Not the most ideal first-day-of-school ever
For this, our seventh year of homeschooling, I wanted to start school on the 18th, but I didn’t have my act together, nor all the curriculum ordered. So, I set my sights on the 25th, today.
I still didn’t have my act together, and I still didn’t have all the curriculum I needed, but I am motivated to get in at least a solid six weeks of school before the Baby Fiala is born, some time in October.
So, in advance, I had decided that today, we would ease into school, spending most of the day reading… hanging out together… I had visions of us all, cozily sitting on the couch, enjoying a read-aloud novel together.
What the day ended up being was three boys, highly resistant to me on virtually everything, squabbling, copping attitudes, being disrespectful, and not willingly participating in even a simple conversation, and me, fairly disappointed and discouraged.
My 11yo, who, last week, was asked by the optometrist to do near-far-focus eye exercises because he’s SPENDING TOO MUCH TIME READING (and it’s making his eye muscles act like he’s nearsighted, though he’s actually not), seriously started crying when I told him that he would need to “work” for most of the morning reading Carry On, Mr. Bowditch. Crying. Why? Because it’s not his favorite book, and because I’d be asking him comprehension questions about it. Because it’s not just reading, it’s reading with accountability. I was patient with him for about five minutes, but when the tears were still flowing, and the attitude was worsening, I basically told him to suck it up and start reading.
I found myself wishing that they all had the opportunity to spend at least a week in a regular school, so that they could be aware of just how good they have it. When I poured out my disappointments to my husband over the phone, as he kindly inquired about our first day of school, what did he say? “I wish they could have an opportunity to spend a few days in a regular school just to they could know how good they have it.” Hehehe. At least we’re thinking in unity. He clarified to let me know that he does not (as I do not) actually want them in a regular school, he just wishes (as I do) that we could slap them in the face with reality a bit, so they quit whining about their really, really good life.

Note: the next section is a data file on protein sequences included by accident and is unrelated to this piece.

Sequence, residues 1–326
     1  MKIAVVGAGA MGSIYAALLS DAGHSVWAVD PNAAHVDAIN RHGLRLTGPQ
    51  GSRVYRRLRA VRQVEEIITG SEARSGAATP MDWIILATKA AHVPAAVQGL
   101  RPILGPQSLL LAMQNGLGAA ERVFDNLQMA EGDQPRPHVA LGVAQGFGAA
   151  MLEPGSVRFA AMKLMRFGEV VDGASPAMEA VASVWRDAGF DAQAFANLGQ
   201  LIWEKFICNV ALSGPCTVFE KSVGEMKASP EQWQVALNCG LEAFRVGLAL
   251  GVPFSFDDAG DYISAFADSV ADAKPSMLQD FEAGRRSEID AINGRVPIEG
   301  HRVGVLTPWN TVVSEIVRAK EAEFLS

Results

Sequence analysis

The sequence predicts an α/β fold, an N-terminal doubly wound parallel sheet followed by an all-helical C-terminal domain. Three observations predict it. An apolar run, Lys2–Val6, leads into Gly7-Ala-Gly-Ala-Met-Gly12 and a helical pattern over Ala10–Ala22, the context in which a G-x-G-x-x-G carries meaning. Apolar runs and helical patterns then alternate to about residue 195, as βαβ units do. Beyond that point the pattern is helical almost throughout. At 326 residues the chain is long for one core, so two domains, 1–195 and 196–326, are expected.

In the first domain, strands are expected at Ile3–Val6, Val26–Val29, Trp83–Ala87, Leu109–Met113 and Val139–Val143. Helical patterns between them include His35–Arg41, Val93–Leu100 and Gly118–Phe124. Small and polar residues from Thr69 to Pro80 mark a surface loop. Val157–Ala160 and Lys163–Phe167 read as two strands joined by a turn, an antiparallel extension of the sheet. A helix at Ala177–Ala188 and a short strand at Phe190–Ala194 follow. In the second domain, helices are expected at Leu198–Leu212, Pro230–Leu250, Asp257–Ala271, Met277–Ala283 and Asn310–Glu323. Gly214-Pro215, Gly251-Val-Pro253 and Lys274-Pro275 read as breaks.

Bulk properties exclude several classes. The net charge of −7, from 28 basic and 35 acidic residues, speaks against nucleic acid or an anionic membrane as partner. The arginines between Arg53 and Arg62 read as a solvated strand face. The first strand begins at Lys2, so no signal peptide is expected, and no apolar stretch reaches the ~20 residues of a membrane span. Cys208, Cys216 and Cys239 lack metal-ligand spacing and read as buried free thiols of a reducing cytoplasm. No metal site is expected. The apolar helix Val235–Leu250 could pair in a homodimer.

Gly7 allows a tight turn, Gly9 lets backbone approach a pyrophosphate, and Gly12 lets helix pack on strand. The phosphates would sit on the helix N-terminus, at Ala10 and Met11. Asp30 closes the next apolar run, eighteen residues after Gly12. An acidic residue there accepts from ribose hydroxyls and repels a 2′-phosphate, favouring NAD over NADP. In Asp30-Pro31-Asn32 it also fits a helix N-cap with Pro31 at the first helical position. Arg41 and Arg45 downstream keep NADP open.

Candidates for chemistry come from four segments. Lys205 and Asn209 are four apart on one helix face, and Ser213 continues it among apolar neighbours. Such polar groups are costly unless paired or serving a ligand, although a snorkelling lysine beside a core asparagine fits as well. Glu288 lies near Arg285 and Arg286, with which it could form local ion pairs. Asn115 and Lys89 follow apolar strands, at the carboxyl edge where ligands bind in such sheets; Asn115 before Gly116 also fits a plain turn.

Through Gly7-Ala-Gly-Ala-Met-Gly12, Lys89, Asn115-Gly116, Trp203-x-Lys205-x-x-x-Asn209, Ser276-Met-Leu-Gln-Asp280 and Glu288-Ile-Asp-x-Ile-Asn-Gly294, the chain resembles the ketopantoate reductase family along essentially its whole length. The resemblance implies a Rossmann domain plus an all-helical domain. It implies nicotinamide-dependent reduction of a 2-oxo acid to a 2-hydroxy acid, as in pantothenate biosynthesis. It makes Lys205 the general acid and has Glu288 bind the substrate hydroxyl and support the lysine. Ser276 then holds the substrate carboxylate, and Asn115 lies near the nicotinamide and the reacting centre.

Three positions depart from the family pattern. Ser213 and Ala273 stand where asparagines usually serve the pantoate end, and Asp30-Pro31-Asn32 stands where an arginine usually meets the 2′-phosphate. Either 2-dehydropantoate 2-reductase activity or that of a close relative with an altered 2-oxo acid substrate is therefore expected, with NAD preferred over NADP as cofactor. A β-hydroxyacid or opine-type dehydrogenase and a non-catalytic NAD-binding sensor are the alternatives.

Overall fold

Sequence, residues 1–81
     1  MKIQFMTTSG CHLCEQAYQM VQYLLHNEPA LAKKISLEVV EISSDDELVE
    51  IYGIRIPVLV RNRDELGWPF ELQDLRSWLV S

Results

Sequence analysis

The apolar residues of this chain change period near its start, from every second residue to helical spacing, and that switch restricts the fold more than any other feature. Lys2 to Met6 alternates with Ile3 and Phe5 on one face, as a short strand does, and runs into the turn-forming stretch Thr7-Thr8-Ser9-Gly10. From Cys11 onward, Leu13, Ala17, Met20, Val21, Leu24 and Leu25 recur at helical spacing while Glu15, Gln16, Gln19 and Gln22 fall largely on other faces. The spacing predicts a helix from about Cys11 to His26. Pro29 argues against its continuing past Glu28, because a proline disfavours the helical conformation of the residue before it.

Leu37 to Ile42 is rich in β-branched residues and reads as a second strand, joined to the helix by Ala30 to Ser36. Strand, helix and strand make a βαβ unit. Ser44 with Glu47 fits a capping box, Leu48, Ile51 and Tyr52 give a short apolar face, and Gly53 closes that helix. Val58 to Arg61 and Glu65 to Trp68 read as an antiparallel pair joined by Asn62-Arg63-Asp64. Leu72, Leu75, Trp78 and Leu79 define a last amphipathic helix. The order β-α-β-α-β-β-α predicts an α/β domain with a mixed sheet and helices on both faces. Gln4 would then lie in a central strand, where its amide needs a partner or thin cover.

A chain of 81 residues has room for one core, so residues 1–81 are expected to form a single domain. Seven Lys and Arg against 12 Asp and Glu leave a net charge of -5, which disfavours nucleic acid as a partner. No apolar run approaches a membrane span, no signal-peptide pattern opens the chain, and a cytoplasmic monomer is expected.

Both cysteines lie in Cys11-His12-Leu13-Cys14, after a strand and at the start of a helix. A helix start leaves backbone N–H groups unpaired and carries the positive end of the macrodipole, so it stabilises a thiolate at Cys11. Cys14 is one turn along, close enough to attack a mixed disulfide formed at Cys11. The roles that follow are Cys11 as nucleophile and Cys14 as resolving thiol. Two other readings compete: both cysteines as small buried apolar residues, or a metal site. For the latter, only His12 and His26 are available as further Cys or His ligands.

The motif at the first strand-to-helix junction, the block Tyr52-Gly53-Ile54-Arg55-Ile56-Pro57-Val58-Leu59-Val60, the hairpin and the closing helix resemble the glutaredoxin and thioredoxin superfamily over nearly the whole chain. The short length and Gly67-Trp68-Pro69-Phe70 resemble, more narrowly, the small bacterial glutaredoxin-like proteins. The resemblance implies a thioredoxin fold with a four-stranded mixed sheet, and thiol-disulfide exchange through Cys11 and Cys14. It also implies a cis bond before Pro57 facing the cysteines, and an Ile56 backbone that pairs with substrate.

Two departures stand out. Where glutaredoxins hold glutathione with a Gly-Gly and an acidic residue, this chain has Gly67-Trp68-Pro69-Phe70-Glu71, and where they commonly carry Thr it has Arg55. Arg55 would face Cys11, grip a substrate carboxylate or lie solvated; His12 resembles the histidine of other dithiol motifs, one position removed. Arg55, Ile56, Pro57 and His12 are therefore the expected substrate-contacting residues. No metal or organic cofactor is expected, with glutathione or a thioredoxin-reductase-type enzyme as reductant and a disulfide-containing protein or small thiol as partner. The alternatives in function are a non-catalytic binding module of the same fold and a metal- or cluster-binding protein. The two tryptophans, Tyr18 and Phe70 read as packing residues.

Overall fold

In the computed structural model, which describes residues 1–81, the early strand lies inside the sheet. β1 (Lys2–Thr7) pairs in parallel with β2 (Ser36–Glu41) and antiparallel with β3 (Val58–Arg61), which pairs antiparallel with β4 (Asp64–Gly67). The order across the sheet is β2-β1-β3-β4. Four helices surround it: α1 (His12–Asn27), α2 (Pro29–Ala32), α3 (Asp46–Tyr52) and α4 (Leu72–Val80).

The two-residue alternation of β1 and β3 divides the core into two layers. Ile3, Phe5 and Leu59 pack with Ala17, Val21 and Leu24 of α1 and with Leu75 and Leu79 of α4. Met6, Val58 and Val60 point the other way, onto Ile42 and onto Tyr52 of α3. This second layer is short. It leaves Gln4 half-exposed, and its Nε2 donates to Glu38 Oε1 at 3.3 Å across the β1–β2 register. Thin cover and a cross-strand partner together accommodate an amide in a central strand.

Martin also shored up my own dreamy attitude about schooling. “It’s really my heart that school be fun, and that we all enjoy it…” to which he responded, “Well, it sounds like what they really need is some discipline and some character-building. Sometimes, school isn’t fun, and they just need to learn to apply themselves and be faithful.”
Although the boys each daily do 30 to 90 minutes of chores a day, and a mandatory quiet time of 90 minutes in the afternoon, and we had swimming lessons and a vacation thrown in there, they have had ten weeks of doing pretty much whatever they wanted. I mean, within reason. I really limit their TV, and they each only get 20 minutes of computer time a day. But, the rest of the days were spent playing, playing, playing. And, here comes Mean Ol’ Mom, with the plan to — GASP!! — put a halt to all that playing. Or, a third of it. Or something like that. Even though they knew it was coming, they all dug in their heels.
So, Martin was telling me that, no matter how pleasant school is (and he doesn’t even see making school “pleasant” to really be a priority!), to our boys, it’s still not going to be prefereable to days of doing essentially nothing.
I’m not discouraged about homeschooling in general. It’s just that my dream of our first day, and its reality, bore absolutely no resemblance to each other.
I keep thinking that, someday, an absolute love to learn is going to kick in with them. I loved to learn. I still do. When I was a kid, I know I would have absolutely adored what we do. I would have eaten it up. Um… they don’t. ~sigh~ They don’t hate school, usually, but I have this undying hope and partial expectation that some kind of learning maturity is going to blossom in them (or at least ONE of them!) and they’ll stop fighting me over school issues. It hasn’t yet happened, and if today is any indication, it’s not going to happen any time in the near future.
(Although… as I write that last paragraph, it comes to mind that, in particular, my 9yo middle son has been giving FITS to Martin and me about basic obedience in pretty much every area for the last few months, so it shouldn’t surprise me that it has extended to school, nor should I blame his resistance on “school.” Hope that makes sense.)
Don’t get me wrong: There is SO much about homeschooling that I adore, and I am very motivated to continue (thanks, Melanie, for the indirect encouragement to do so!!!). One bad day is simply not going to make me lose heart or focus. But, I do wish today went better.